I hoped in vain. If The Wolf Gift was disappointing, The Wolves of Midwinter was a complete let down. In places it was difficult to understand how this novel had come from the same mind that dreamed up Lestat, Akasha, Lasher and the Talamasca. The characters are flat and rarely encounter conflict, while the plot narrates a series of incidents, but never builds to any real climax. There is simply very little at stake. Laura is given the Chrism off-page before The Wolves of Midwinter begins, and while Reuben is upset that she no longer needs him as her protector, her transformation is never a true site of tension. Instead, the Distinguished Gentlemen are celebrating Christmas! They are throwing an extravagant party at Nideck Point for the town’s folk, family and friends, and enjoying their own pagan Yule celebration in the woods. Preparations for the party stretch for some 250 pages, with the Distinguished Gentlemen occasionally taking a break from overseeing the servants—another immortal species whose sole purpose is to wait on more powerful Ageless Ones—with more hot chocolate and tales from the past. They are joined in their merriment by a group of benevolent spirits known as the Forest Gentry. The only dampener on the festivities is the return of Marchent’s ghost, although even this is a mere distraction from the all-consuming Christmas party.
Again, Rice’s treatment of women, when they rarely appear in The Wolves of Midwinter, is baffling. They are either malicious or passive, and all are ruled by the male characters. For example, it is revealed early on that Reuben’s ex-fiancé, Celeste, is pregnant with his child and doesn’t want the baby. The family pays her not to have an abortion and bullies her into marrying Reuben on paper, so that the child will be legitimate, and to hand the child over to Reuben at birth. Celeste is depicted as catty and hysterical when signing over the baby, before stomping off into the background of the narrative. We also learn that Reuben’s brother, Jim, entered the priesthood in guilt after severely beating his pregnant lover in a drunken rage. Aside from the cameo of a few malicious Morphenkinder she-wolves, the only other female character of note is the servant Lisa, who dotes on the Distinguished Gentlemen helping them dress and bring them supper as though they were infants. However, it is later mentioned, in passing, that Lisa is transgender. This is not further explored at this point in the series and seemingly has no bearing on her character, consequently reading as a crude attempt to tick all the politically correct boxes. There is also a token gay werewolf.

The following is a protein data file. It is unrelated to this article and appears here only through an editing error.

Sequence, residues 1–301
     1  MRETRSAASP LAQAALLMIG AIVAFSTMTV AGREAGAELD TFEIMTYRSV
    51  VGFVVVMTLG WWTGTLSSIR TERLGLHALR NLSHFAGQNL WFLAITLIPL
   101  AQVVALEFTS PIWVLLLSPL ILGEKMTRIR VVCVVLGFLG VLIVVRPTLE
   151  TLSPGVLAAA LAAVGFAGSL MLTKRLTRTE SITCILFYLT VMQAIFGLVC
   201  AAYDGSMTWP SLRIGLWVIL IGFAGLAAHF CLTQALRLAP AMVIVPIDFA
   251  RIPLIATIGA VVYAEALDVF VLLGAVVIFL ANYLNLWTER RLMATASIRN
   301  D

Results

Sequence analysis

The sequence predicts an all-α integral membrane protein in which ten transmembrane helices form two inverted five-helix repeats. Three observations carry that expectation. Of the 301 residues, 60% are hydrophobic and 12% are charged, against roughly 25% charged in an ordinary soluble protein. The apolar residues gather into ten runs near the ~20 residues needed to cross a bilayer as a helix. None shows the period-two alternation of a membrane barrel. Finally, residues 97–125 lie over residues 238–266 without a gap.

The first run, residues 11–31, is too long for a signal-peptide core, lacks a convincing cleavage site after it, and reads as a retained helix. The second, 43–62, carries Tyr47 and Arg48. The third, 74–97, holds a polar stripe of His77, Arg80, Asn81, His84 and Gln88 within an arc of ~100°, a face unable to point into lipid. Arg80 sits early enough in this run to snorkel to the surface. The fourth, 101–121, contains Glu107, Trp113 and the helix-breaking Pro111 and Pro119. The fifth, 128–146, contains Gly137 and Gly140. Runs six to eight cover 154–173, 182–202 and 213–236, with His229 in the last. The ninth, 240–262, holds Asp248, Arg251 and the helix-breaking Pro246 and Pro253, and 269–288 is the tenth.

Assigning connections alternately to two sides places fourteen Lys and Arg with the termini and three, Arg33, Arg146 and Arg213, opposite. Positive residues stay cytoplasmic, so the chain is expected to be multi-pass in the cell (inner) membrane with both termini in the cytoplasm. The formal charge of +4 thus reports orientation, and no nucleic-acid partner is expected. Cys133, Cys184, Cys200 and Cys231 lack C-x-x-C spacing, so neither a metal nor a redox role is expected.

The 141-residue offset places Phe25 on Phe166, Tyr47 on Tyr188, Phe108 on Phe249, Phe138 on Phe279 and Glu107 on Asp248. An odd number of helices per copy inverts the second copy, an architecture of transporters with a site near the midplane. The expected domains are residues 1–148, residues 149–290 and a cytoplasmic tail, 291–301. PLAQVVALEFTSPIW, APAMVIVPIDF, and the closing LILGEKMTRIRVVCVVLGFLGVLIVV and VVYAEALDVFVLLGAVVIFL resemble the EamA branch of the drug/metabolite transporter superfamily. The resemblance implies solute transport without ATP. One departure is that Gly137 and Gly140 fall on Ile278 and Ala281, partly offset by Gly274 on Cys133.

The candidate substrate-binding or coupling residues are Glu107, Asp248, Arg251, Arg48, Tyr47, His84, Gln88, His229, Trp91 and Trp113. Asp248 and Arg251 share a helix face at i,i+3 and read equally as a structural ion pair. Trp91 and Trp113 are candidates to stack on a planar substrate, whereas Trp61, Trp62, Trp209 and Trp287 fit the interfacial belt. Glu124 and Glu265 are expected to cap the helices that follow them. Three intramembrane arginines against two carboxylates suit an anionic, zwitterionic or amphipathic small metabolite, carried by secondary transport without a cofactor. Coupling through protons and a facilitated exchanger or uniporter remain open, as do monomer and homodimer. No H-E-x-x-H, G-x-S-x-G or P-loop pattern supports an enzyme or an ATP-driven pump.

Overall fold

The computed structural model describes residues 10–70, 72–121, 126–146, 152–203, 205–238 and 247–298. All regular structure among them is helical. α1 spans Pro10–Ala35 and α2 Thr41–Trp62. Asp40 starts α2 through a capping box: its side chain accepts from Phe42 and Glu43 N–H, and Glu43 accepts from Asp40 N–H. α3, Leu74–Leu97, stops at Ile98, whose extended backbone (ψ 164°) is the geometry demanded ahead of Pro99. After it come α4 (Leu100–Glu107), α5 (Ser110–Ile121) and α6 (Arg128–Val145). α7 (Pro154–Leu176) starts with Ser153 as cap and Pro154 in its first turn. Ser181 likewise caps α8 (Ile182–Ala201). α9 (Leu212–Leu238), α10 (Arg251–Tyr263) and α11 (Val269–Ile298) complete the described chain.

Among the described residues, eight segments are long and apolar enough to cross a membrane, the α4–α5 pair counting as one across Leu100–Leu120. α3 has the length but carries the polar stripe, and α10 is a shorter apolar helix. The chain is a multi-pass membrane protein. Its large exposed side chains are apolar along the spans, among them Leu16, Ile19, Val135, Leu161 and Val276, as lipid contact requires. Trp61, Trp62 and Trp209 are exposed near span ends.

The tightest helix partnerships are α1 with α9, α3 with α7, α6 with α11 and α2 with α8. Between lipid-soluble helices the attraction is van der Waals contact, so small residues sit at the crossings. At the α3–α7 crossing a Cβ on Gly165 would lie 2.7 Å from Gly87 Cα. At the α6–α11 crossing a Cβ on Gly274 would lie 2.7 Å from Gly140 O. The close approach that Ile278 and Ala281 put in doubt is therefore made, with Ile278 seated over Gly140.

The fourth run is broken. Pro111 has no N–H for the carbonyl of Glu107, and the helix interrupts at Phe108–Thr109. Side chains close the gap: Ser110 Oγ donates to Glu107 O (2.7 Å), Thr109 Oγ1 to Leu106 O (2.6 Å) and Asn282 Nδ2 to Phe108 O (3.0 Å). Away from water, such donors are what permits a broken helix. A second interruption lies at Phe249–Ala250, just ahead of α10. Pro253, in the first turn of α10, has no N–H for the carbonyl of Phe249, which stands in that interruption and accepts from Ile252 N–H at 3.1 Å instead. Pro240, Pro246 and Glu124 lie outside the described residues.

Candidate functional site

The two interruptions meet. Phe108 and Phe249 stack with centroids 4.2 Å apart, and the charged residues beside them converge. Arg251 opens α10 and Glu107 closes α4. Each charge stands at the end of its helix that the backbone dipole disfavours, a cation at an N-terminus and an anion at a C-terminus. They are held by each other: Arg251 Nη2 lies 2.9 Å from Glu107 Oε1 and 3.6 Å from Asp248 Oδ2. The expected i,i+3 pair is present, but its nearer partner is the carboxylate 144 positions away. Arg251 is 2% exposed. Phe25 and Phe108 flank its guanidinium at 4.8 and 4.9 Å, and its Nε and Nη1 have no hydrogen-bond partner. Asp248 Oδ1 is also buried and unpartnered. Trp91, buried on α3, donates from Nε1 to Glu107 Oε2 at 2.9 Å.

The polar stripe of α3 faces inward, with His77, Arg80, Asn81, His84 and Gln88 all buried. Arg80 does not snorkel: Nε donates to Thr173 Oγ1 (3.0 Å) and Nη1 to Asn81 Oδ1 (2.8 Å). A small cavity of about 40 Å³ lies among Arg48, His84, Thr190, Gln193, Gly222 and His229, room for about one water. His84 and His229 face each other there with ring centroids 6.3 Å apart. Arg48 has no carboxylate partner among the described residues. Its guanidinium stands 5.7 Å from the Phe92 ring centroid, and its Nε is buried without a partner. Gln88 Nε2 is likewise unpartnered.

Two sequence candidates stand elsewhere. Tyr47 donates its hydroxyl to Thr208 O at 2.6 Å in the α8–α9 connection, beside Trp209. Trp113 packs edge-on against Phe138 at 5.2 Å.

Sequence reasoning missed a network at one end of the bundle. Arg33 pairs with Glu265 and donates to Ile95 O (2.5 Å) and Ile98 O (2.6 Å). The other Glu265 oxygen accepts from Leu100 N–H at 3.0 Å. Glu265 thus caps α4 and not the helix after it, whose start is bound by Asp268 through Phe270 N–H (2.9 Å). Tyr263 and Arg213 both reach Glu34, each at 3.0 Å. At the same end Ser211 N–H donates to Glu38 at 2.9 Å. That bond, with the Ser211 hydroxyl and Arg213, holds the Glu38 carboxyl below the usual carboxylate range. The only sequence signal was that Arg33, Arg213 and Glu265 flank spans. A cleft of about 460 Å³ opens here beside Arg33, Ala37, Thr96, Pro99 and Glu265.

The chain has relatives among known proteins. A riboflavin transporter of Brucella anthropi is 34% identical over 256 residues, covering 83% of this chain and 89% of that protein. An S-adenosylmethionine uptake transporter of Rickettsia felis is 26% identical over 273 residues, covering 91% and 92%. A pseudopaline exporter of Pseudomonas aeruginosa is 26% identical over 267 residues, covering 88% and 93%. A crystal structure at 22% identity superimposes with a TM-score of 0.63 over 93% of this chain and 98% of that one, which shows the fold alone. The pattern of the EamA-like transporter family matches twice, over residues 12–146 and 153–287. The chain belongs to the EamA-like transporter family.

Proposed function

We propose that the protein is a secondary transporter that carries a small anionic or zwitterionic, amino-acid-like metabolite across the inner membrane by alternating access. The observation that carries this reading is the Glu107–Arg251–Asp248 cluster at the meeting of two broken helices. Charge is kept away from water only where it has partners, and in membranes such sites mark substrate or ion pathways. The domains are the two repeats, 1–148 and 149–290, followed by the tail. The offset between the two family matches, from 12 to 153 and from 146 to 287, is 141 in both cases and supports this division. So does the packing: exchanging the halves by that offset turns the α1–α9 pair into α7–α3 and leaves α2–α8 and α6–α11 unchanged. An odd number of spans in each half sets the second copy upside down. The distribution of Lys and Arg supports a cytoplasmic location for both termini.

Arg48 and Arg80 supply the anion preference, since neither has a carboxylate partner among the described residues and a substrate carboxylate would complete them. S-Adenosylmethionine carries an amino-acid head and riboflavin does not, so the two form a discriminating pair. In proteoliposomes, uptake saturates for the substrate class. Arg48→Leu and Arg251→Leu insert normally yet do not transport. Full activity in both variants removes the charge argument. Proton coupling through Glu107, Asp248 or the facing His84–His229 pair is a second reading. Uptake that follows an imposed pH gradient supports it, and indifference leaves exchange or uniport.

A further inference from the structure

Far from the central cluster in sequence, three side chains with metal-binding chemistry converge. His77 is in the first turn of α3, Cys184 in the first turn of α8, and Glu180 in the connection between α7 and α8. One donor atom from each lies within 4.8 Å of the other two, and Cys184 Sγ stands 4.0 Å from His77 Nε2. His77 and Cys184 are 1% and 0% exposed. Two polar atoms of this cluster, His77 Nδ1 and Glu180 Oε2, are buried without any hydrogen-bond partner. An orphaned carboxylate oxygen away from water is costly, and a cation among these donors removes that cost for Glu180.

While both Wolf Gift novels are rich with Rice’s signature sensual language, they lack the page-turning tension and bite of her earlier work. Instead The Wolf Gift Chronicles read as cosy private fantasies that have yet to be worked into tight, tension-filled narratives. The Wolves of Midwinter in particular has the feel of a Christmas special, and given its pre-Christmas release, I can’t help but think that it was written with the silly season retail spike in mind—a huge disappointment from an author who was once a star innovator and a true Queen of the Damned.